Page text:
A woman, wearing dark-colored scrubs, is standing in doctor's office
The Reproductive Health Act signed last fall allowed Planned Parenthood’s Grand Rapids clinic to ‘do what patients need us to do,’ said Dr. Hannah Rosenfield. (Bridge photo by Robin Erb)

The Grand Rapids clinic became the fourth of Planned Parenthood’s 14 clinics to offer procedural abortions, in addition to other care. Planned Parenthood’s other Michigan clinics offer abortion by medication only.

That move built on another expansion a year ago — months after abortion access was enshrined in the state constitution — when Planned Parenthood opened a virtual clinic, cementing access to abortion through telehealth.

Moreover, abortion rights advocates have called for an end to the state’s remaining parental consent law, while Northland Family Planning Centers, which operates clinics in southeast Michigan, will appear in Michigan Court of Claims Tuesday to challenge three remaining abortion restrictions: Michigan’s 24-hour waiting period, the state’s requirement for counseling, and a law that bans advanced practice registered nurses and physician assistants from providing abortions.

Abortion opponents also step up the fight.

Right to Life of Michigan has challenged Proposal 3 in federal court, arguing Michigan’s abortion access violates federal constitutional rights for, among others, the ‘pre-born and born following a failed abortion.’

Meanwhile, the previously loose network of 78 pregnancy resource centers have begun to unite under the Michigan Coalition For Pregnancy Wellness (MICO) — a group designed to bring medical standards to all centers that will offer clinical services, said Executive Director Carolyn Doyle.

“It’s about delivering best practices and caring for women and children,” she said.

Some will continue to offer non-medical services — instead offering supplies — clothes and diapers and baby furniture, for example — or parenting classes, for example, she said.

But for those who offer clinical care — like Grand Rapids PRC that was one of the first crisis centers in the state to offer ultrasound services and began expanding those services in 2020 — the new organization will set standards for medical care, Doyle and Sprague said.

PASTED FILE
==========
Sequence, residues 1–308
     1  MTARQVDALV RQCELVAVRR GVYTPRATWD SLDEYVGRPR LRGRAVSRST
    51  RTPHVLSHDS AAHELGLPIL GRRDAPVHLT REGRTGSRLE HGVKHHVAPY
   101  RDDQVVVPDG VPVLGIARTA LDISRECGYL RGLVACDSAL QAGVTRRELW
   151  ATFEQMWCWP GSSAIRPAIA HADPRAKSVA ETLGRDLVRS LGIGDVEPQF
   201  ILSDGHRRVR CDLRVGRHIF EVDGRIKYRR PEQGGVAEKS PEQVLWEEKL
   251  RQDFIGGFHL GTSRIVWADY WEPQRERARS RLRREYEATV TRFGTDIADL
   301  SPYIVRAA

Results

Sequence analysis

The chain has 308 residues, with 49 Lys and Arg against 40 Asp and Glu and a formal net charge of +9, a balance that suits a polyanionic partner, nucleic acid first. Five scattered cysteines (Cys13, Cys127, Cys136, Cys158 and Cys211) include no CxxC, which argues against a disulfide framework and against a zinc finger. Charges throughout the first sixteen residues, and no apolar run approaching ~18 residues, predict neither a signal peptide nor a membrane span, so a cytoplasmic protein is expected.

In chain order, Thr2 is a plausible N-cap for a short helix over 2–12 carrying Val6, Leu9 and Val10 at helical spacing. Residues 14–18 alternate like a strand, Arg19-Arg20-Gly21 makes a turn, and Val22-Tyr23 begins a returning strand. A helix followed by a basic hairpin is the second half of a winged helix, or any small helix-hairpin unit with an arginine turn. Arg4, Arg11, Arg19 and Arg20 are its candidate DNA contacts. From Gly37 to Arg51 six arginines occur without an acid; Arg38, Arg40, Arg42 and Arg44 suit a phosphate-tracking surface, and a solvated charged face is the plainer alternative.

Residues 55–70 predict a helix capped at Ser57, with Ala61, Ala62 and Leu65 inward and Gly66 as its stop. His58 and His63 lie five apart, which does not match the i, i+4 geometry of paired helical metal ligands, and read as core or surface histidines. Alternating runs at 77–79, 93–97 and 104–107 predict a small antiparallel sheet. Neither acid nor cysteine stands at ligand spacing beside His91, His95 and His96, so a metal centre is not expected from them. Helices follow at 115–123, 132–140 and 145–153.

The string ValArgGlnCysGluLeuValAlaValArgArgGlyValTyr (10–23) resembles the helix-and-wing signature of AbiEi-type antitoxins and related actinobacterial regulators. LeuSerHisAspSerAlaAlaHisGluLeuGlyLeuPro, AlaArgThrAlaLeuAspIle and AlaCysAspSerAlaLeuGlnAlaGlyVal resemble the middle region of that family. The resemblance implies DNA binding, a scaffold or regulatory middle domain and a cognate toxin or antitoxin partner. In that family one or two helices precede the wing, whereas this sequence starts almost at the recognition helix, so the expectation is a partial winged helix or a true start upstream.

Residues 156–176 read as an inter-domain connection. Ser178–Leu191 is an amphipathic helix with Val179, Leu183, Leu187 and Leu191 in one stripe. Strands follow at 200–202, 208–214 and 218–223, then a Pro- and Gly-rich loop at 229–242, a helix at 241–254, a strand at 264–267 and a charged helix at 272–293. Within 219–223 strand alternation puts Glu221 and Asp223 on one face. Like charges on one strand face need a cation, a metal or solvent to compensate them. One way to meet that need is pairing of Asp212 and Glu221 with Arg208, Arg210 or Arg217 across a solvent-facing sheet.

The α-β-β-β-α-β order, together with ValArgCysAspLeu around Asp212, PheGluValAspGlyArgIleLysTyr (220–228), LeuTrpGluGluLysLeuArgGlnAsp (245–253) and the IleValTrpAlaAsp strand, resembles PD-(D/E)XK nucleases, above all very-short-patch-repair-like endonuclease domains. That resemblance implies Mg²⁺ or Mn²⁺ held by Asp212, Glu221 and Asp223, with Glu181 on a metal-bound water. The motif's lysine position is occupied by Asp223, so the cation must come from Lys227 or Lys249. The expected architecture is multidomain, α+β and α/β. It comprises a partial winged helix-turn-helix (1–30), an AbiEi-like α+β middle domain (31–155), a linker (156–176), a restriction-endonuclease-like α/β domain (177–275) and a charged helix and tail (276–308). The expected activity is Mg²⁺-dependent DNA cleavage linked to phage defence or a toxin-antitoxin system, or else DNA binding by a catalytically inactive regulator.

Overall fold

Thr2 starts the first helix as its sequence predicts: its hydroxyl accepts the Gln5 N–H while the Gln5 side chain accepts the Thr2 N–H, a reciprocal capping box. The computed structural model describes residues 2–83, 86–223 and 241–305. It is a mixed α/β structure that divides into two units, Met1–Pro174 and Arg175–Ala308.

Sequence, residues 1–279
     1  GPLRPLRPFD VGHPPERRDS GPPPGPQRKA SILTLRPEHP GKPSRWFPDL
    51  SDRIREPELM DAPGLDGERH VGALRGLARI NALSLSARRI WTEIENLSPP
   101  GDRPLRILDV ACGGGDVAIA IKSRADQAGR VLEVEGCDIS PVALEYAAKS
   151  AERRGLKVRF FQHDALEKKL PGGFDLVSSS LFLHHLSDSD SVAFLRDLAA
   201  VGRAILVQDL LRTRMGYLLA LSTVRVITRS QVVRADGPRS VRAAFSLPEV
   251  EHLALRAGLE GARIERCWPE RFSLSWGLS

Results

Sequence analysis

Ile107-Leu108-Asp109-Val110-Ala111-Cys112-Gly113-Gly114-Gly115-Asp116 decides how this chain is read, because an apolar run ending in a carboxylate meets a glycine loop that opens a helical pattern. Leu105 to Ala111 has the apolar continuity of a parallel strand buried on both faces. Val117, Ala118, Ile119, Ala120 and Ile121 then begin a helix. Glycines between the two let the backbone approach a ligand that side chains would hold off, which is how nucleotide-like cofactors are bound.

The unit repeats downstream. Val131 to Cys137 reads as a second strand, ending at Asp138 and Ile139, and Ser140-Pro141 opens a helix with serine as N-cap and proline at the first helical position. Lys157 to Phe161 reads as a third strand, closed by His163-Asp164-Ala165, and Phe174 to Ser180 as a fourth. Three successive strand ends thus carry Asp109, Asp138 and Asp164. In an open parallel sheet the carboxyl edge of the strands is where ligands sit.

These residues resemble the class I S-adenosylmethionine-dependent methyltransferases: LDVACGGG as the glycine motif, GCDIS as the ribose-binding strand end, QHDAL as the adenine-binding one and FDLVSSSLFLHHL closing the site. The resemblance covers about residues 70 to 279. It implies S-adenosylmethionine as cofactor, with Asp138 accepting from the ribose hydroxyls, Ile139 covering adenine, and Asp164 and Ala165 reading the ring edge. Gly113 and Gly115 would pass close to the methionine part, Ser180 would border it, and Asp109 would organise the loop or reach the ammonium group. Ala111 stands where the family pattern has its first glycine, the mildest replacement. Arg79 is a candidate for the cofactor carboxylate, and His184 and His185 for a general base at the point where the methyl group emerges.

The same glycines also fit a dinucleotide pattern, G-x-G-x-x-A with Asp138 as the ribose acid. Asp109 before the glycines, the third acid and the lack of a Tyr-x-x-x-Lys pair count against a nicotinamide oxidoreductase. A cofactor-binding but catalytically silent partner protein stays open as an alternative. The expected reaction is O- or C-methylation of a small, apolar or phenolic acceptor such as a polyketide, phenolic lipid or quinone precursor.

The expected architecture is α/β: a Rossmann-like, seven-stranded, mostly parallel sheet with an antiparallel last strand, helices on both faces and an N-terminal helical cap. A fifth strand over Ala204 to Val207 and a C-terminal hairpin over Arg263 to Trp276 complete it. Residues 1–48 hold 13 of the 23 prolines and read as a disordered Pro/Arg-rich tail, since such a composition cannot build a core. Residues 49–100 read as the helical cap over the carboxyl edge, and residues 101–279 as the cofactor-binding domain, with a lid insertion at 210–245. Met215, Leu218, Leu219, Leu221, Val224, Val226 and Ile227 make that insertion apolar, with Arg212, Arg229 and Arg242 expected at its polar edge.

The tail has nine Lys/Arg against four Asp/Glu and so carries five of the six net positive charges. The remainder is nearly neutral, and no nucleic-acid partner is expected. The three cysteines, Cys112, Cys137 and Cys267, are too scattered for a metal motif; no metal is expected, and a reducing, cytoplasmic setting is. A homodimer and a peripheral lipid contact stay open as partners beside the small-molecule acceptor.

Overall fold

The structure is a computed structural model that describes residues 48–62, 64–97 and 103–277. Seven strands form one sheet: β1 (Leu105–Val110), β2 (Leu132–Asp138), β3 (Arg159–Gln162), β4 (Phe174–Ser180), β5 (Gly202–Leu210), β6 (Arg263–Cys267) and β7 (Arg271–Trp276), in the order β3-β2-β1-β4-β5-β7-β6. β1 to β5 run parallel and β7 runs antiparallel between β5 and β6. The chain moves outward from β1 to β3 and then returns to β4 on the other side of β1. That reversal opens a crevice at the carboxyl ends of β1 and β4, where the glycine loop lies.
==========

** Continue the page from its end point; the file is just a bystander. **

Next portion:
To become a member of MICO, for example, a center must have a medical director — preferably an ob-gyn — that is currently practicing, she said.  And they’ll have to meet standards set out by three doctors from across the state, Doyle said.

Doyle is also president of Life Matters Worldwide, which describes itself as “encouraging, equipping, and strengthening pregnancy care workers across the United States.”

The statement of encouragement, at least in part, reflects the growing need for such centers, said Eileen McNeil, president of Citizens for Traditional Values, which the Michigan coalition lists as a “strategic partner.” Citizens works “to promote and preserve Judeo-Christian values in local communities and at the state capitol,” according to its website.

Man sitting in a chair in an office. On his desk are photos of loved ones.
PRC Grand Rapids, a long-time pregnancy resource center, began expanding its clinical services in 2020, said CEO Jim Sprague. (Bridge photo by Robin Erb)

McNeil accused abortion advocates of “heavily” promoting abortion in Michigan.

“You can't turn around without someone talking about how important it is for women to have abortions and make sure they have choices,” she said, noting that the choice should always start with birth. “So … it's a good thing that pregnancy resource centers are there so women who choose to carry their babies (have) organizations out there who also will surround them, and care for them.”

The coalition also answers the increasing attacks in Michigan and elsewhere on abortion opponents, Doyle, the coalition president, told Bridge.

Pregnancy resource centers have been criticized as deceptive — luring in patients with the promise of complete care, but then pressuring them out of abortions or delaying their decision so that patients are forced to undergo procedural abortions in a clinic rather than medication abortions that can be done in the privacy of their homes.

a parking lot with two buildings on each side
In Grand Rapids, this line of asphalt marks the literal divide in the abortion battle. On one side sits an abortion provider; on the other, a crisis pregnancy center operated by abortion opponents. (Bridge photo by Brett Farmer)

In 2022, the review site Yelp began posting notices on its pages warning consumers about the limited options at pregnancy centers and the fact they do not provide abortion care. In October, Michigan Attorney General Dana Nessel joined 15 other attorneys general in a letter supporting Yelp’s move and criticizing the centers as using “tactics” that misinform and “can have dire health consequences and rob patients of their healthcare choices.”

Such criticisms are unwarranted, Doyle and others said.

The coalition, she said, will give pregnancy centers a stronger voice.

Genevieve Marnon, legislative director of Right to Life of Michigan, agreed:  

“Women set on an abortion know where to go, yet often women want to explore their options and better understand if support exists to make a choice for the life,” she said.